by Charles W. Prueter, Waller
Not one aspect of public life has gone unaffected by the current COVID-19 crisis — not even the Supreme Court’s building operations or oral argument schedule. The Court has postponed the next batch of oral arguments scheduled for March 23-25 and March 30-April 1. The Court added that its “postponement of argument sessions in light of public health concerns is not unprecedented,” citing its actions in “October 1918 in response to the Spanish flu epidemic” and “in August 1793 and August 1798 in response to yellow fever outbreaks.” Besides the public health concerns are the concerns for the justices themselves, given the virus’s disproportionate impact on older persons and persons with chronic health conditions. Six of the nine justices are 65 years old or older. Justice Ruth Bader Ginsburg, the elder statesperson on the Court, turned 87 on Sunday and has fought different forms of cancer over several decades.
Among other important cases caught up in the delay are the three big ones about President Donald Trump’s tax returns, which were to be argued on March 31. This trio includes Trump v. Vance, No. 19-635, which presents the question whether the Manhattan District Attorney’s Office may obtain the President’s tax returns via a New York state grand-jury subpoena; Trump v. Mazars USA, LLP, No. 19-715, which concerns whether the Committee on Oversight and Reform of the U.S. House of Representatives has the constitutional and statutory authority to issue a subpoena to the President’s accountant demanding the President’s private financial records; and Trump v. Deutsche Bank AG, No. 19-760, which likewise concerns whether the Committee on Financial Services and the Intelligence Committee of the U.S. House of Representatives have the constitutional and statutory authority to issue a similar subpoena to the President’s creditors. The key issue in these cases, following other Supreme Court cases involving President Richard Nixon and President Bill Clinton, is whether these subpoenas improperly interfere with the President’s authority granted by Article II of the Constitution. In other words, while generally subpoenas for financial records are enforceable in the ordinary course, are they enforceable when the target is the President? The answer could be the biggest thing to come out of the Court this Term.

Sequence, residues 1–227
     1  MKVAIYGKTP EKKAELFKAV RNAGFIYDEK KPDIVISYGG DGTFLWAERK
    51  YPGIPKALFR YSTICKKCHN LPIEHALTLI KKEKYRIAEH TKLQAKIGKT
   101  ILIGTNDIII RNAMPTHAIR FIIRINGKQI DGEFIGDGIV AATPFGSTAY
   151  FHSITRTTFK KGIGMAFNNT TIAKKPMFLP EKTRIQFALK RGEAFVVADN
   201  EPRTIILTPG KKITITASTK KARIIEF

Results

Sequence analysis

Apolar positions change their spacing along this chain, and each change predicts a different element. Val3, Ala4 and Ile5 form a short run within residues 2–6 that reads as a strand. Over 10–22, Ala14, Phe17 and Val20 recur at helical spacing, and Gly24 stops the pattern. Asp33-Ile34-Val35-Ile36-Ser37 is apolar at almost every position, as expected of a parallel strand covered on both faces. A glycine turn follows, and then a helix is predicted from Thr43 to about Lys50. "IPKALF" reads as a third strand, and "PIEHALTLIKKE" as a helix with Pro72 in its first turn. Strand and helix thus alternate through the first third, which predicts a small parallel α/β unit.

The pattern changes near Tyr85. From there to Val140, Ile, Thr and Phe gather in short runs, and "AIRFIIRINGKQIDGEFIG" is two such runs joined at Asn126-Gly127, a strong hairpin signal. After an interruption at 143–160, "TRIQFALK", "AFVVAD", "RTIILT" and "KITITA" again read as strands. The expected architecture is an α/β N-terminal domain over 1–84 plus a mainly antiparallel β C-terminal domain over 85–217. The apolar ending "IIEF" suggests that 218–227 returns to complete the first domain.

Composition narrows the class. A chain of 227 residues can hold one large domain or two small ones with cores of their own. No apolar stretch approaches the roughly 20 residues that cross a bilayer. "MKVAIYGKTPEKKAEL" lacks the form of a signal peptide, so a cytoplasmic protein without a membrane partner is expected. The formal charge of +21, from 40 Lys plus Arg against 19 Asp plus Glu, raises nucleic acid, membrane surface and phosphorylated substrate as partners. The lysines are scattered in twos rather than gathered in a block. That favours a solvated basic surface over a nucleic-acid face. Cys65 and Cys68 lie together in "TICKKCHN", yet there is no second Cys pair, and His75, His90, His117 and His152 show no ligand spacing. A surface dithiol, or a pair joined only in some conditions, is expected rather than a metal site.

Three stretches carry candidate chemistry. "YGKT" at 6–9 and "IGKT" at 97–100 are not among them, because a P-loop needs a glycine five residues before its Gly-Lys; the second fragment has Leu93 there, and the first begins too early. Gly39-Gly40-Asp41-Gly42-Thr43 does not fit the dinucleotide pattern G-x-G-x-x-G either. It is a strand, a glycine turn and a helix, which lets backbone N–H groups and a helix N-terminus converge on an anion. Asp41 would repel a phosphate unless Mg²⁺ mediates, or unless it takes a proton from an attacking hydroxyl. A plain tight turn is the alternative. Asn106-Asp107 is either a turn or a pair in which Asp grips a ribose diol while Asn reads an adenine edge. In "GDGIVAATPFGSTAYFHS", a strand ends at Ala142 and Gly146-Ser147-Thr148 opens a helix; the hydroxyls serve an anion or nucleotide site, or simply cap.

Those cases were set to be argued March 31. It is unknown when they will be rescheduled. The Court said that it “will examine the options for rescheduling those cases in due course in light of the developing circumstances.” Because the circumstances are developing quickly and constantly, I would not expect an announcement for a while.
Charles W. Prueter is an appellate lawyer at Waller Lansden Dortch & Davis, LLP, in Birmingham. He can be reached by email at firstname.lastname@example.org.